Forum for Science, Industry and Business

Sponsored by:     3M 
Search our Site:

 

Genetic predisposition can play an important role in development of lung cancer

22.12.2004


First-degree relatives of lung cancer patients have a 2 to 3.5 times greater risk of developing lung cancer than the general population, and tobacco smoke plays a major role, even among those with a genetic predisposition, according to a study in the December 22/29 issue of JAMA.



Lung cancer is the leading cause of death from cancer among men and women in many Western countries, according to background information in the article. Death due to lung cancer in the United States exceeds the death rate from breast, prostate, and colon cancer combined. The dominant role of tobacco smoke as a causative factor in lung cancer has been well established. Other studies have indicated that there may be an inherited predisposition to lung cancer, but data have been limited.

Steinn Jonsson, M.D., of the Landspitali-University Hospital, Reykjavík, Iceland, and colleagues examined the contribution of genetic factors to the risk of developing lung cancer in the population of Iceland. The risks for developing lung cancer for first-, second-, and third-degree relatives of patients with lung cancer were estimated by linking records from the Icelandic Cancer Registry (ICR) of all 2,756 patients diagnosed with lung cancer within the Icelandic population from January 1, 1955, to February 28, 2002, with an extensive genealogical database containing all living Icelanders and most of their ancestors since the settlement of Iceland. The risk for smoking was similarly estimated using a random population-based group of 10,541 smokers from the Reykjavik Heart Study who had smoked for more than 10 years. Of these smokers, 562 developed lung cancer based on the patients with lung cancer list from the ICR.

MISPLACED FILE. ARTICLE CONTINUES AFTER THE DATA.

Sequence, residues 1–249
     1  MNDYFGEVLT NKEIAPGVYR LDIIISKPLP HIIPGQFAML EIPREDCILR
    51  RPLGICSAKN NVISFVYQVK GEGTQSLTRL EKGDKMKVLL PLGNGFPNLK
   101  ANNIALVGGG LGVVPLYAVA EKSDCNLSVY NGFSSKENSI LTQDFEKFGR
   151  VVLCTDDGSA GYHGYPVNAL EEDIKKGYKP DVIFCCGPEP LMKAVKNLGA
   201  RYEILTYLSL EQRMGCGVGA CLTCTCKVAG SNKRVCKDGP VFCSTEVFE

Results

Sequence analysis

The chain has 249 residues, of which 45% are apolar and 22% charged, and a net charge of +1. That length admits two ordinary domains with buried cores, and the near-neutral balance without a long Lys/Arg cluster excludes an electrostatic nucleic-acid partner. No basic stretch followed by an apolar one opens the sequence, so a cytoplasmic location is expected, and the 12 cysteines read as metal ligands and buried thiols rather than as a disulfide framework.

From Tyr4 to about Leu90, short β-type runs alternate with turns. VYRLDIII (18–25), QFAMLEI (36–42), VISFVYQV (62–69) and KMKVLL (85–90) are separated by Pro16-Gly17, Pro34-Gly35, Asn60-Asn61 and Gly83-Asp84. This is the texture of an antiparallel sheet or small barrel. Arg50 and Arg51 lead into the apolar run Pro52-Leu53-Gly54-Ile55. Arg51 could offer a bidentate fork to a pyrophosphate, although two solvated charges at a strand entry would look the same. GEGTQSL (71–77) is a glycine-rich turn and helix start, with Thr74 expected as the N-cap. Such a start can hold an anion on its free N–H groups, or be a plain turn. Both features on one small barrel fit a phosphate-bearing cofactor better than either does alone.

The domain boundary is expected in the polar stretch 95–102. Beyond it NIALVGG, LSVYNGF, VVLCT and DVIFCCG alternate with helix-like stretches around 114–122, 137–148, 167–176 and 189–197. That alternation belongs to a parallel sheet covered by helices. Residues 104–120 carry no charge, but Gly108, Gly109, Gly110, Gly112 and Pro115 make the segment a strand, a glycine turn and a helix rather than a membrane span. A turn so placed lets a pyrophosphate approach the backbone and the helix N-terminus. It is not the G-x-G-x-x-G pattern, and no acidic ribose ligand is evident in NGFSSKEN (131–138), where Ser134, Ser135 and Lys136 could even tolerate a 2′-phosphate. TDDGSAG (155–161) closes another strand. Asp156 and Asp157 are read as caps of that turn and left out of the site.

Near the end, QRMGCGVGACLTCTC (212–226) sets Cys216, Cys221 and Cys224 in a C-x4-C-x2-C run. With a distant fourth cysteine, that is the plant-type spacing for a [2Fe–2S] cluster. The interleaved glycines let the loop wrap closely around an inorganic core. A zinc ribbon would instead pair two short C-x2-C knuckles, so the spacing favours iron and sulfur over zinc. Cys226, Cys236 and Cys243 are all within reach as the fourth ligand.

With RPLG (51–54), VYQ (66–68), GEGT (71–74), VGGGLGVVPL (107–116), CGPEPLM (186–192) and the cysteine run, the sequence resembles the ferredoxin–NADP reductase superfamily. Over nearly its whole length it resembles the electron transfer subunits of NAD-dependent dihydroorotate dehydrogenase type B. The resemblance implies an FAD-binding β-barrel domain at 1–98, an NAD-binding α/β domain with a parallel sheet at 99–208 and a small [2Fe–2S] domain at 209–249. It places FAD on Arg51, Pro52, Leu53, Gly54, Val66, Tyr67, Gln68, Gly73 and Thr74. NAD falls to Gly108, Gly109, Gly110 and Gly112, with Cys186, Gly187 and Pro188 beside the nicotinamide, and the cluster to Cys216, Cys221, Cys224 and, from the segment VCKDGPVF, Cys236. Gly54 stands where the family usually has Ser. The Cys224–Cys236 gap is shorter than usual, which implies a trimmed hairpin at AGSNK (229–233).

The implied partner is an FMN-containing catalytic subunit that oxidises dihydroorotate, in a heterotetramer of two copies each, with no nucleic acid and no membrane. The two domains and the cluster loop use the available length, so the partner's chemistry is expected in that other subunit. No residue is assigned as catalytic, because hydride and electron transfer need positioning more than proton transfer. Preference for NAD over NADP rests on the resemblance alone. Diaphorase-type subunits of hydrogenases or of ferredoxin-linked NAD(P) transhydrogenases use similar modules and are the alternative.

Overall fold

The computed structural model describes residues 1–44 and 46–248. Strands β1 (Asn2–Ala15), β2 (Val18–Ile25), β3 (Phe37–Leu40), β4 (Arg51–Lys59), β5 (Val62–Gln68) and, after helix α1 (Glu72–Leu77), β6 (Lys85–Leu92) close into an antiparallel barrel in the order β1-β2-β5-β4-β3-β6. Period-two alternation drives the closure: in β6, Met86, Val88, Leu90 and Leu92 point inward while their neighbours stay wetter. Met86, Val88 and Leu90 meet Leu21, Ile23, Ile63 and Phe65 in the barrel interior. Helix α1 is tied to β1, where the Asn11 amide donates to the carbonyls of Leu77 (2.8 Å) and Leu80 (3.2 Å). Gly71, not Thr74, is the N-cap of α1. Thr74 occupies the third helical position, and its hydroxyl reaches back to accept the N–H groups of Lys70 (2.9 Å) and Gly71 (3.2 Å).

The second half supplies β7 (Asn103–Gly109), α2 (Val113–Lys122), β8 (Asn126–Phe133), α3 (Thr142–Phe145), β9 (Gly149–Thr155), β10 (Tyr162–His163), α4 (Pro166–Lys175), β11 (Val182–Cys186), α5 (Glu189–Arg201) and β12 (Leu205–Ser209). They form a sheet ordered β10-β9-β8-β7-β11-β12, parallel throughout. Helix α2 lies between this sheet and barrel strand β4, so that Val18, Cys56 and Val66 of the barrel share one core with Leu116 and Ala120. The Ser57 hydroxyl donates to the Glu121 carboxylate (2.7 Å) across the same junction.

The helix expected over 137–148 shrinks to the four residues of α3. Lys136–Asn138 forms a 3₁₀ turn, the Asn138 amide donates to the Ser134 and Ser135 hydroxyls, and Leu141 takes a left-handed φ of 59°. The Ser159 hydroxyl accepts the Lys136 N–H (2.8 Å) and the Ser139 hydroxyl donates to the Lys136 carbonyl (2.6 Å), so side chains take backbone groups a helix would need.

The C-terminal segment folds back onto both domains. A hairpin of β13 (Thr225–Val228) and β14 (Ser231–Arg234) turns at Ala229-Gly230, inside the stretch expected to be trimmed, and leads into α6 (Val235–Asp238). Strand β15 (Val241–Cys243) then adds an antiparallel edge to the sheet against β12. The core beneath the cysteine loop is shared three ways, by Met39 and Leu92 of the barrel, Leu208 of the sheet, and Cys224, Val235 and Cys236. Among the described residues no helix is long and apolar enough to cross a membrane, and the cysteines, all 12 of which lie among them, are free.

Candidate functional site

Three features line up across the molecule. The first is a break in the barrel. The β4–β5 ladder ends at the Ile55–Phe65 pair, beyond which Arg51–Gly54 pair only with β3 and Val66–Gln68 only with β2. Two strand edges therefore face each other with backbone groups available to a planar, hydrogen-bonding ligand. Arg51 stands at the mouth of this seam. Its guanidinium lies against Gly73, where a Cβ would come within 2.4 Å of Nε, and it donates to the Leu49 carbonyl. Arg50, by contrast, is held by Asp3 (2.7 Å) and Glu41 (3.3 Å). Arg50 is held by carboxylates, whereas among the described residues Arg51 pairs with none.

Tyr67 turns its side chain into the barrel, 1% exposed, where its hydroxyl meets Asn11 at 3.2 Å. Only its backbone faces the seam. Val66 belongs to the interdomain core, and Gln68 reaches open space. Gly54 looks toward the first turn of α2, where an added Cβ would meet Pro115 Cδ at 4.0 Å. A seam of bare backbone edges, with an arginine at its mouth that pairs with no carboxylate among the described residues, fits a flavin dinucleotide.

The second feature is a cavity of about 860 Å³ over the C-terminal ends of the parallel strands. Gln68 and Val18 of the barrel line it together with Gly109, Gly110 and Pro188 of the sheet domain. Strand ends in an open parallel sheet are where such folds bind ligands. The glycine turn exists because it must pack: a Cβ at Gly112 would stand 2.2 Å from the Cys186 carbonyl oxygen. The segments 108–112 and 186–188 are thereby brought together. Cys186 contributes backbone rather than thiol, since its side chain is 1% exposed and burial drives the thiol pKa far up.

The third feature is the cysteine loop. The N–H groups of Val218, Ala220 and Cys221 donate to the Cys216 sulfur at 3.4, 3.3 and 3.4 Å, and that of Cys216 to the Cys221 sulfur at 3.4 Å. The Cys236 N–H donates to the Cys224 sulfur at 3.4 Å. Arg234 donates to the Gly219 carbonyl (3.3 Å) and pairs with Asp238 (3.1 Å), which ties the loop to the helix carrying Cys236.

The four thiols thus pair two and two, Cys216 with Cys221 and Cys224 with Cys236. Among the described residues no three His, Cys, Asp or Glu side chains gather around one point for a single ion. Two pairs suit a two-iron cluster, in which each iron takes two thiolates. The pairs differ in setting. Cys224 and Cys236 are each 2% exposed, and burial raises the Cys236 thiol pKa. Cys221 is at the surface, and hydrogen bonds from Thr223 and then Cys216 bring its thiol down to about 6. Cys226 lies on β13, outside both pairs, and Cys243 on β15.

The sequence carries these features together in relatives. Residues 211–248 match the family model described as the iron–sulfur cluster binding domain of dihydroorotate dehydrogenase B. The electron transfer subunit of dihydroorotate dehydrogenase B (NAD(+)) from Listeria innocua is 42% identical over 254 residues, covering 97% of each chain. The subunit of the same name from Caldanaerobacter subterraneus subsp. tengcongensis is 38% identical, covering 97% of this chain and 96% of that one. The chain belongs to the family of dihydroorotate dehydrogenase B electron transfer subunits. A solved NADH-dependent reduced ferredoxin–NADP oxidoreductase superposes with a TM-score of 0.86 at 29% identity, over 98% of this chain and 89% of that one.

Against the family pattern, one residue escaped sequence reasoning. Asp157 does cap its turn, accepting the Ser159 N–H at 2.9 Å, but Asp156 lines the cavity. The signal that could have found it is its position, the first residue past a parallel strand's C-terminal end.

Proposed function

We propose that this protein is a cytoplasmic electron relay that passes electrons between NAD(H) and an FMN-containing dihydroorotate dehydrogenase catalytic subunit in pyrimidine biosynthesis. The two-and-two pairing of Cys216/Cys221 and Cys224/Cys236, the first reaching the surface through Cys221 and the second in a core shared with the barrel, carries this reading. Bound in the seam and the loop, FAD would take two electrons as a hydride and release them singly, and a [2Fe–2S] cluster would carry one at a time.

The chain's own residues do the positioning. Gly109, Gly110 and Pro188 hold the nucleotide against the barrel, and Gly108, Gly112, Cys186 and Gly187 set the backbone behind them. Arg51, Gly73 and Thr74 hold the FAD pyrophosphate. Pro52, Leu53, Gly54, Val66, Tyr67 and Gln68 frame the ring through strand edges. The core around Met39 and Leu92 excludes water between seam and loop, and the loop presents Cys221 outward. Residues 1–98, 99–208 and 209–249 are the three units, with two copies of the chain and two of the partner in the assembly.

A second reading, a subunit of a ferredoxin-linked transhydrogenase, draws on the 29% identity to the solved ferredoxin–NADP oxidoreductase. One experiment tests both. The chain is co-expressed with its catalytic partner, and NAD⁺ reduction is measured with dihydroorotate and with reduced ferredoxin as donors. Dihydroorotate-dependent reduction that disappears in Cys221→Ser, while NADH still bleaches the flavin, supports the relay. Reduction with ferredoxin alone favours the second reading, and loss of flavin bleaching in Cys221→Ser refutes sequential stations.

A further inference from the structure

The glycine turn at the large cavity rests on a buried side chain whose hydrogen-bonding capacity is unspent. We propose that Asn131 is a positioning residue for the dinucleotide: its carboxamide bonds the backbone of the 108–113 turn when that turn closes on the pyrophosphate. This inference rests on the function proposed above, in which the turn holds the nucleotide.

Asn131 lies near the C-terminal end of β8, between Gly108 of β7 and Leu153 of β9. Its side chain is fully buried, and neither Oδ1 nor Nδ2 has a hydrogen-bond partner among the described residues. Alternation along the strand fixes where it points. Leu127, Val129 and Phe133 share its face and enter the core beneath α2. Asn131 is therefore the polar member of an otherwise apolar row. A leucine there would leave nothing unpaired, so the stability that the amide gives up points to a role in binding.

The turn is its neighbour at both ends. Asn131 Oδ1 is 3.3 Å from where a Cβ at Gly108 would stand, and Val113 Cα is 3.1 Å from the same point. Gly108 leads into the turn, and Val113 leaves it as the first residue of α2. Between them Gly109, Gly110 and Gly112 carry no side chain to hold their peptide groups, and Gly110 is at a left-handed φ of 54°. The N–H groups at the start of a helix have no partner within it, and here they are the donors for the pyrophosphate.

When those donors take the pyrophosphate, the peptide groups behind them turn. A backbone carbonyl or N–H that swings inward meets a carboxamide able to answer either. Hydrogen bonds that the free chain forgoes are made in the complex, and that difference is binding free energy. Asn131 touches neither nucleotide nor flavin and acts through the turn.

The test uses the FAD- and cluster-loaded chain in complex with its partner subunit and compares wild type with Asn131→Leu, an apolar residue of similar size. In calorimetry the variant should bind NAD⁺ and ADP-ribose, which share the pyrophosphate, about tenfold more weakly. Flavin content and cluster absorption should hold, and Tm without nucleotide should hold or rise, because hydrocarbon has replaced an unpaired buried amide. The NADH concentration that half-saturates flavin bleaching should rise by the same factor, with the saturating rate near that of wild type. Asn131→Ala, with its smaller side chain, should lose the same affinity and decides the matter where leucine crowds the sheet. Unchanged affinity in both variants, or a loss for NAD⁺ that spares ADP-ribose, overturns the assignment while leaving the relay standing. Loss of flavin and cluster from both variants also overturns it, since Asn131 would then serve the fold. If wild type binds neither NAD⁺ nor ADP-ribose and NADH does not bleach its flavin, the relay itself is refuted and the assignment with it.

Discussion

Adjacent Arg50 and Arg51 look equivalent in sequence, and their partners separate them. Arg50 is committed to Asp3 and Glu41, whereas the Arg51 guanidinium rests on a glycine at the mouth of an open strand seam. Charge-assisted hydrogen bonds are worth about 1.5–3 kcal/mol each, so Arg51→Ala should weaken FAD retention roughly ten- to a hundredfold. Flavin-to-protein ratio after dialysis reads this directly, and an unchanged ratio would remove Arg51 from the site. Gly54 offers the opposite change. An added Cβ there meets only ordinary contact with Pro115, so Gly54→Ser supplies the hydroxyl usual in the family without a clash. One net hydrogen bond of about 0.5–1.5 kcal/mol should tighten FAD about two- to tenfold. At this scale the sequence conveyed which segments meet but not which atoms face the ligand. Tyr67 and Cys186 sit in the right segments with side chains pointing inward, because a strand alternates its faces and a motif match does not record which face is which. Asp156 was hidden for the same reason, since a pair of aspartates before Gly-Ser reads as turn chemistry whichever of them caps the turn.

"The nationwide genealogy database used in our study provided a means for uncovering the familial component by revealing more connections between patients, missed in most other populations," the authors write.

The researchers found that a familial factor for lung cancer was shown to extend beyond the nuclear family, as evidenced by significantly increased risks for first-degree relatives (for parents: 2.7 times increased risk; for siblings: 2.02 times increased risk; and for children: 1.96 times increased risk; second-degree relatives (for aunts/uncles: 1.34 times increased risk; and for nieces/nephews: 1.28 times increased risk; and third-degree relatives (for cousins: 1.14 times increased risk) of patients with lung carcinoma. This effect was stronger for relatives of patients with early-onset disease (age 60 or younger at onset) (for parents: 3.48 times increased risk; for siblings: 3.30 times increased risk; and for children: 2.84 times increased risk).

"… this risk ratio [RR] increase in first-degree relatives of patients with lung carcinoma is the result of a combination of environmental, genetic factors, or both. Using genealogy, our study goes further than other reported studies by demonstrating that this familial factor extends beyond the nuclear family as evidenced by significantly increased RR for second- and third-degree relatives of patients with lung carcinoma. In the more distant relationships, shared environmental factors are likely to be of less significance, providing a stronger evidence for genetic factors given that RR is in excess," they write.

"… although the results presented here support a role for genetics in the risk of lung carcinoma, it should be emphasized that tobacco smoke plays a dominant role in the pathogenesis of this disease, even among those individuals who are genetically predisposed to lung carcinoma," the authors conclude.

Edward Farmer | EurekAlert!
Further information:
http://www.jama.com

More articles from Life Sciences:

nachricht During HIV infection, antibody can block B cells from fighting pathogens
14.08.2018 | NIH/National Institute of Allergy and Infectious Diseases